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The War on Assange Is a War on Press Freedom

Chris Hedges TruthDig
head shot of Assange The extradition of the publisher—the maniacal goal of the U.S. government—would set a legal precedent that would criminalize any journalistic oversight or investigation of the corporate state. It would turn leaks and whistleblowing into treason.

More Secure Jobs, Bigger Paychecks

Steven Greenhouse Columbia Journalism Review
What’s driving the new wave of unionization sweeping digital newsrooms? The reasons for unionizing haven’t changed much in the last 80 years

Both Trump and Clinton Curb Press Access - Plane Rides and Presidential Transparency

Jim Rutenberg, Media Mediator New York Times
Breaking with historic tradition, both Clinton and Trump do no allow reporters to travel with them. This is about something much bigger than eyewitness accounts and plane rides. It's about how much we want to know about each candidate's plans for the White House, and how open and accessible we want them to be as president. And ultimately, it's about whether we truly believe in the premise that transparency is vital for democracy.

Venezuela - Reality is a Very Different Story

Mark Weisbrot; Dario Azzellini
Mark Weisbrot shows the daily protests are anything but peaceful. In fact, about half of the daily death toll from Venezuela that we see in the media - now at 41 -- are actually civilians and security forces apparently killed by protesters. Dario Azzellini argues the protests in Venezuela represent a vicious attack on the country's social progress under Hugo Chávez, spurred on by anti-Chavista politicians in affluent regions.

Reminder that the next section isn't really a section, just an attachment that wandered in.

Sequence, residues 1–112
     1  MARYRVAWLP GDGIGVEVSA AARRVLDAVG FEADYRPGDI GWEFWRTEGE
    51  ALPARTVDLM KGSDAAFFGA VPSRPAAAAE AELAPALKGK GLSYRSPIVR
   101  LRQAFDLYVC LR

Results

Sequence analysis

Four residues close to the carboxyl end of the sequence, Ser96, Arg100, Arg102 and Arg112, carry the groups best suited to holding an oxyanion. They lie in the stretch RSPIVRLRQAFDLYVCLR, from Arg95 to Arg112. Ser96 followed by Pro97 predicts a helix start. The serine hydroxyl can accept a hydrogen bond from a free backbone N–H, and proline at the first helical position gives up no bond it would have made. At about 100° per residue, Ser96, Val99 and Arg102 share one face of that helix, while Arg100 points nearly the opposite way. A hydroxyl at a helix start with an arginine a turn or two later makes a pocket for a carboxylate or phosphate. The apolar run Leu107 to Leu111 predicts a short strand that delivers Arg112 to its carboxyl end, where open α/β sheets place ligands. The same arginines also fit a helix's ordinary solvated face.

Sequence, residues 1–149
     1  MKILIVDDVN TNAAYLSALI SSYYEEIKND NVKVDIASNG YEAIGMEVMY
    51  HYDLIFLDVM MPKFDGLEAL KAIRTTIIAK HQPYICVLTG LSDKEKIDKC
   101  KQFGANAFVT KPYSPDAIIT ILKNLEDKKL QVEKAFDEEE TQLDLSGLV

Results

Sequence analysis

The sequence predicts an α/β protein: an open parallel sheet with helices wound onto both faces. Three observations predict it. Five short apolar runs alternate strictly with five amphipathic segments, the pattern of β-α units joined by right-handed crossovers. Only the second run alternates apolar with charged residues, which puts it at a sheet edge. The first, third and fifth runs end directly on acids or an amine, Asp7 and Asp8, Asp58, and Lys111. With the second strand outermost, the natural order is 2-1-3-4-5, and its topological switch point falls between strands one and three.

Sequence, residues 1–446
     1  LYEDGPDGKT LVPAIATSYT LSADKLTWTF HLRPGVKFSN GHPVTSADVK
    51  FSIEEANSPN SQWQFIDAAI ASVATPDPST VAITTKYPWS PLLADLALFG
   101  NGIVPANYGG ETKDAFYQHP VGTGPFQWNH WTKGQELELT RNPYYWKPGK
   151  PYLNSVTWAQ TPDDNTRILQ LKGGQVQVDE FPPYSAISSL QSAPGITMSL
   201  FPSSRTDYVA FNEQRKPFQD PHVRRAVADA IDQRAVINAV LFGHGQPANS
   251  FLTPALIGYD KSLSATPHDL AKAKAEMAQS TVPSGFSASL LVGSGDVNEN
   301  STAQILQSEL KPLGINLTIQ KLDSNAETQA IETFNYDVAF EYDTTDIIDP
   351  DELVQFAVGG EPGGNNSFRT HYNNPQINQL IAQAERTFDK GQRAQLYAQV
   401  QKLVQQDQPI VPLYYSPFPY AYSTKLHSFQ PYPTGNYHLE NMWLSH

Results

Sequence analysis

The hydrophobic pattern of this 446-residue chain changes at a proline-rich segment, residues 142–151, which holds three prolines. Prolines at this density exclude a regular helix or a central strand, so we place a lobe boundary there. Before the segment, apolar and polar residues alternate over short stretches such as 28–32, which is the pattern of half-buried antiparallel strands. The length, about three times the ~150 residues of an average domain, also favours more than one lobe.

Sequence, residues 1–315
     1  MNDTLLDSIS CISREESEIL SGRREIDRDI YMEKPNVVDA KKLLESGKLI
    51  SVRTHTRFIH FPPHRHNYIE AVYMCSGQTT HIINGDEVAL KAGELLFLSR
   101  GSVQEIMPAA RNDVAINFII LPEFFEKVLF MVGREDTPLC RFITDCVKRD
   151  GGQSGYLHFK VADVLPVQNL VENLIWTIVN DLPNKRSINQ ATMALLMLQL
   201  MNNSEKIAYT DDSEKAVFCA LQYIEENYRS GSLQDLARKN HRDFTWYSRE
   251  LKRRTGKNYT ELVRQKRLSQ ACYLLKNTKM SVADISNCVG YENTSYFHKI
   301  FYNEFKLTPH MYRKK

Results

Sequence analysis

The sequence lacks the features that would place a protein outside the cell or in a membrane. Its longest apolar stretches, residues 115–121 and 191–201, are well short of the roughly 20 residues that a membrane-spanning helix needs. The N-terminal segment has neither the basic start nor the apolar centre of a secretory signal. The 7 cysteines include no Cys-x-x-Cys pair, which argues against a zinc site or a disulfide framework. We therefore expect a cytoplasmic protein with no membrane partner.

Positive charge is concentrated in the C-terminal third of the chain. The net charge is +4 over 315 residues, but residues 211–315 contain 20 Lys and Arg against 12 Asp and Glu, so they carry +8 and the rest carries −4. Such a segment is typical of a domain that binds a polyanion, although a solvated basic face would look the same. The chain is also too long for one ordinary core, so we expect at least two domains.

As Bradley Manning Trial Begins, Press Predictably Misses the Point

Matt Taibbi Rolling Stone
Manning, by whatever means, stumbled into a massive archive of evidence of state-sponsored murder and torture, and for whatever reason, he released it. The debate we should be having is over whether as a people we approve of the acts he uncovered that were being done in our names.

Urge NYT Public Editor to Investigate Biased Reporting on Venezuela & Honduras

NY Times eXaminer
New York Times is asked to examine its coverage of Venezuela and Honduras by leading journalists, activists and media scholars. "Whatever one thinks of the democratic credentials of Chávez's presidency-and we recognize that reasonable people can disagree about it-there is nothing in the record, when compared with that of his Honduran counterparts, to warrant the discrepancies in the Times's coverage of the two governments."

Who Can Stop the Koch Brothers From Buying the Tribune Papers? Unions Can, and Should

Matt Taibbi Rolling Stone
The potential Tribune sale would be a high-profile litmus test of the unions' financial self-awareness. Public-sector workers from Massachusetts to California can force their investment managers to make a choice: sell to the Kochs, or keep managing their retirement billions. If the Kochs want to buy newspapers, this is a free country, and nobody can stop them. But the people whose benefits they want to slash don't have to help them get there.
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